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Today's Stichomancy for Michelle Yeoh

The first excerpt represents the past or something you must release, and is drawn from Democracy In America, Volume 2 by Alexis de Toqueville:

of singular importance to inquire what are the natural propensities of the men of whom these armies are composed.

Amongst aristocratic nations, especially amongst those in which birth is the only source of rank, the same inequality exists in the army as in the nation; the officer is noble, the soldier is a serf; the one is naturally called upon to command, the other to obey. In aristocratic armies, the private soldier's ambition is therefore circumscribed within very narrow limits. Nor has the ambition of the officer an unlimited range. An aristocratic body not only forms a part of the scale of ranks in the nation, but it contains a scale of ranks within itself: the

The second excerpt represents the present or the deciding factor of the moment, and is drawn from American Notes by Rudyard Kipling:

with these people, whatever they may do.

They are much too nice, in the first place, and in the second, it would throw out all the passenger traffic of the Atlantic, and upset the financial arrangements of the English syndicates who have invested their money in breweries, railways, and the like, and in the third, it's not to be done. Everybody knows that, and no one better than the American.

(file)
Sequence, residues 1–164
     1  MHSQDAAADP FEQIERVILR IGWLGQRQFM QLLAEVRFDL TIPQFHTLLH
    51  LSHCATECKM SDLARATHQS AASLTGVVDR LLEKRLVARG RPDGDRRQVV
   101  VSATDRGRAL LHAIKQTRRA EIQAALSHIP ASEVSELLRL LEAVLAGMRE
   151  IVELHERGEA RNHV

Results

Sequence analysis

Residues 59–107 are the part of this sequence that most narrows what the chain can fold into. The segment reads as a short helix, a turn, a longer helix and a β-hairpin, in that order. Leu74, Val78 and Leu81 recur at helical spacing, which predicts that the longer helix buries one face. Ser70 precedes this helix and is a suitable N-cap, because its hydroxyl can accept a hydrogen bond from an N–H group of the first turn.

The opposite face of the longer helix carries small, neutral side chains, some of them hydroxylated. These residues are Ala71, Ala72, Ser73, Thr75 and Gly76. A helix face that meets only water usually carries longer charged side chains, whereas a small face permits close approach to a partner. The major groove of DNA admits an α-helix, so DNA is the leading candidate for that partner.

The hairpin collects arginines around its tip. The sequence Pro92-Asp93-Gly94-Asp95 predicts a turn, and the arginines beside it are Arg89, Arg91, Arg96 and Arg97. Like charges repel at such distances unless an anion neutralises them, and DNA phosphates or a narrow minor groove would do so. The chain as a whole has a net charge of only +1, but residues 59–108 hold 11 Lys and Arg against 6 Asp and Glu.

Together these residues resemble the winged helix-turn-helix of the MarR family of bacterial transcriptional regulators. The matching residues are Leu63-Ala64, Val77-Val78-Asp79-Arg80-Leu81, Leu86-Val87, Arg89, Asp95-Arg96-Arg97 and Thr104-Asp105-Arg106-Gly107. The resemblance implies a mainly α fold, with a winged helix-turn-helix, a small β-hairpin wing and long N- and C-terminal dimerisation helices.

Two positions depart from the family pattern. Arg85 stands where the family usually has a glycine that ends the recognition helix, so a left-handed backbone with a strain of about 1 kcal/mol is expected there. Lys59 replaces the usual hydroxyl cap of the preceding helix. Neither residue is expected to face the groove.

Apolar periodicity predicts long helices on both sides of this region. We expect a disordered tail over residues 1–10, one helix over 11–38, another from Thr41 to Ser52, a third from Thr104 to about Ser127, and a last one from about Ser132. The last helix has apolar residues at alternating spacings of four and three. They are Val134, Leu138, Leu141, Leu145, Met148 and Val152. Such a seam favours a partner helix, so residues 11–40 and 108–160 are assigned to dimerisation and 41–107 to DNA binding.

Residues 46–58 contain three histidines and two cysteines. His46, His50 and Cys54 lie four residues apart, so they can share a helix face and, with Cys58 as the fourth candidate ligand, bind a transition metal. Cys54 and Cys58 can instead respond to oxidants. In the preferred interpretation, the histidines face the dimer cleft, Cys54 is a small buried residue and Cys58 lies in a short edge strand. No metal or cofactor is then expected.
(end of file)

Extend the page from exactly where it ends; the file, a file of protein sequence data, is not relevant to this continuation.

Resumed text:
Yet there are other powers who are not "ohai band" (of the brotherhood)--China, for instance. Try to believe an irresponsible writer when he assures you that China's fleet to-day, if properly manned, could waft the entire American navy

The third excerpt represents the future or something you must embrace, and is drawn from A Drama on the Seashore by Honore de Balzac:

these sayings have some truth in them. See there," he continued, turning round to show us a thing we had not remarked, "look at that wooden cross he has set up there, to the left, to show that he has put himself under the protection of God and the holy Virgin and the saints. But the fear that people have of him keeps him as safe as if he were guarded by a troop of soldiers. He has never said one word since he locked himself up in the open air in this way; he lives on bread and water, which is brought to him every morning by his brother's daughter, a little lass about twelve years old to whom he has left his property, a pretty creature, gentle as a lamb, a nice little girl, so pleasant. She has such blue eyes, long as THAT," he